commitment Neta wants to undertake.)
    My argument's form is similar to Neta's (2004) main line of reply to Greenberg, as he too presents his

reply as a dilemma of sorts that starts with different possible understandings of "rational

determination". But the details of the argument in the text are importantly different from Neta's, and as

a result, nothing in Greenberg's reply to Neta (2006, 209 and on) applies, as far as I can see, to the

argument in the text here.
     Although, of course, there may be other flaws in Greenberg's arguments, flaws I do not discuss here.

And depending on the details of the relevant positivist view and of the rational determination relation,

it's quite possible that other kinds of positivist views can escape Greenberg's argument in a way

precisely analogous to that in the text.
     In a very recent paper (2008), Kevin Toh suggests to distinguish – in the context of the debate over

positivism – between internal and external legal statements. Toh accepts a social identity thesis with

regard to the latter, but offers a presumptive argument against it with regard to the former. I think that

this move is subject to serious objections which I hope to discuss elsewhere. Let me just note here that

Greenberg nowhere seems to restrict his argument to just internal legal statements.
     At one point (2006a, 23) Greenberg accuses his interlocutor who attempts to rely on an identity

statement as begging the question against Greenberg. But Greenberg seems to misunderstand the

dialectical situation. He (Greenberg) attempts to offer a novel argument against legal positivism. We

then find out that if the novel argument is to have any force at all against the most common and

plausible kind of positivism, its major premise must be interpreted in a way that will not allow any

positivist (or agnostic) to accept it. This is sufficient to show that Greenberg's novel argument fails

(because it is question-begging). This, of course, does not suffice to establish positivism (relying on

positivism to do that would, of course, constitute question-begging), but this is not what we're trying to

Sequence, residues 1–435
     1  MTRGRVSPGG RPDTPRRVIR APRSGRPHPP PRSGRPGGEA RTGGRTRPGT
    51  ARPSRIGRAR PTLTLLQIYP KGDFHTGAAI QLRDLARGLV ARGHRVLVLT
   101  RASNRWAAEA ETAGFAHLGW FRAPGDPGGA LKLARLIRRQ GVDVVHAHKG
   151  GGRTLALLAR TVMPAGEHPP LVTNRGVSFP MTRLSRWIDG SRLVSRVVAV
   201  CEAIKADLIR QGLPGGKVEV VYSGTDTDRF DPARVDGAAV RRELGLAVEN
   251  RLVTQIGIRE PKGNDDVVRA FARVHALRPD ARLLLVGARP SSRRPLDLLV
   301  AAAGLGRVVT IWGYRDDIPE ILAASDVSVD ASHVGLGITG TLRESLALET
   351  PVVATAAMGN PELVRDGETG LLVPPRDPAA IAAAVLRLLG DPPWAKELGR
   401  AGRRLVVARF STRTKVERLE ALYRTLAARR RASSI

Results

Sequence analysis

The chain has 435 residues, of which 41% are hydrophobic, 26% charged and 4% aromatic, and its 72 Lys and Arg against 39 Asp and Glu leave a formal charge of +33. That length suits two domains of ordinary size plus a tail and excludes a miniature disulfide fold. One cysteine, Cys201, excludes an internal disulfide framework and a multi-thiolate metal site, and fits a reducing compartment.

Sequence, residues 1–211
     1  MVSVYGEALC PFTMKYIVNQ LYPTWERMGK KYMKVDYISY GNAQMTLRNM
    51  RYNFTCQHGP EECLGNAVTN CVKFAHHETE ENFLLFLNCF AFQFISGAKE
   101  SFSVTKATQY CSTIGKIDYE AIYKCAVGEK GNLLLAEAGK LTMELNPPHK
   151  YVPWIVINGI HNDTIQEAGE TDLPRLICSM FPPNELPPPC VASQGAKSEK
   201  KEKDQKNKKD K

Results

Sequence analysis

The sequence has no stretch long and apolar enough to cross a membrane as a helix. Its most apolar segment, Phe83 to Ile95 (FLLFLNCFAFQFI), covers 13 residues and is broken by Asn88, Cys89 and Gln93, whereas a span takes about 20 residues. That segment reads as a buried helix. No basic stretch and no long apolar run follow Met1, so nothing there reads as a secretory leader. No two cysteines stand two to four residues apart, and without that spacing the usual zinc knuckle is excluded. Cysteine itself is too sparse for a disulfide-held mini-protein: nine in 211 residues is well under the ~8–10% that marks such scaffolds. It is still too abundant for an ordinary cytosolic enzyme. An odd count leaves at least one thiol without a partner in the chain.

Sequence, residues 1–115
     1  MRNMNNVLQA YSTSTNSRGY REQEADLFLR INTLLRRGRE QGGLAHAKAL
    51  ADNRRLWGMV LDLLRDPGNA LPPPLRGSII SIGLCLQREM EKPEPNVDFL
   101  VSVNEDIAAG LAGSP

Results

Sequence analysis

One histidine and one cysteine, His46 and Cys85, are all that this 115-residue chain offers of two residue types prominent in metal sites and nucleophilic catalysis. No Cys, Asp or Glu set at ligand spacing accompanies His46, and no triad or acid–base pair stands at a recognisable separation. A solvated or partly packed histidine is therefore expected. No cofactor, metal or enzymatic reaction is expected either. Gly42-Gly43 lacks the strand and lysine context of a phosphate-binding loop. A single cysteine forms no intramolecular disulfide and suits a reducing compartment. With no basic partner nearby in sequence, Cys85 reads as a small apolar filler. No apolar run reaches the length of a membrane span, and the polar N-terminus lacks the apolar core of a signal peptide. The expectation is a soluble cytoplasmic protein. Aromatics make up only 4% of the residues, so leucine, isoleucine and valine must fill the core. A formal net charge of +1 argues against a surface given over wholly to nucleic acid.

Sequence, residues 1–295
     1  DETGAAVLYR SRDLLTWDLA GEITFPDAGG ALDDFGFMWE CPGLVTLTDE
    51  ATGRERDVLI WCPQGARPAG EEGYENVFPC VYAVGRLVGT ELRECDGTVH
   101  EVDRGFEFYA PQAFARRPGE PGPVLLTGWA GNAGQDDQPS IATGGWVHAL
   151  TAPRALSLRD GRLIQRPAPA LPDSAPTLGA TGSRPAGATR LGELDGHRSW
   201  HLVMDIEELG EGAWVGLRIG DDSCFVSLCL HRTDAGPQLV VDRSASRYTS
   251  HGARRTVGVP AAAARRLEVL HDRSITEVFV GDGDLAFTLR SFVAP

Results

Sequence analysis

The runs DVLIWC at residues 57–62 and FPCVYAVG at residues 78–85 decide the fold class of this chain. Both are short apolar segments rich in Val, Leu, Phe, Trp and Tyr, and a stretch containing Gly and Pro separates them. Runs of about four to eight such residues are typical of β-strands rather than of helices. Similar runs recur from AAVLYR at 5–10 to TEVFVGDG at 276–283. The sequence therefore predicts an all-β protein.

do. Rather, we're trying to evaluate the force of one (Greenberg's) argument against positivism. And if

the argument relies on a premise that says, in effect, that positivism is false, then it is without force.
     Nor will it help Greenberg to try and escape the horns of my dilemma by saying that some cases of a

that's-just-what-it-is relation satisfy the rational determination premise, and others don't. For we can

then ask whether the case of the positivist view sketched in the text is a case of the former or the latter,

and proceed with the dilemma as before.
     I suspect that behind the scenes in Greenberg's discussion there is another, deeper and more

interesting confusion, a confusion about how normative explanations work. For an elaborate and

intricate discussion of this general confusion (not in the jurisprudential context), and for the claim that

some normative explanations can be constitutive (in my terms here, they can rely on a that's-just-what-

it-is claim), see Schroeder (2005).
     At times, Greenberg talks about the invocation of such an identity statement as an explanation of

rational determination in terms of "some truth specific to the legal case" (2006a, 15). This way of

putting things is misleading, though. True, the specific identity claim invoked is of course specific to

the legal case (it is, after all, a claim about what legal validity consists in). But the pattern of explaining

such things in terms of an identity claim applies generally.
     And indeed, in the section where Greenberg attempts to show that Hartian Positivism is "not part of

our reflective understanding of law" (2006a, Section V) the idea of rational determination does no work

at all, and Greenberg relies instead on other familiar lines of thought that are sometimes taken

(unconvincingly, I think) to pose problems for legal positivism.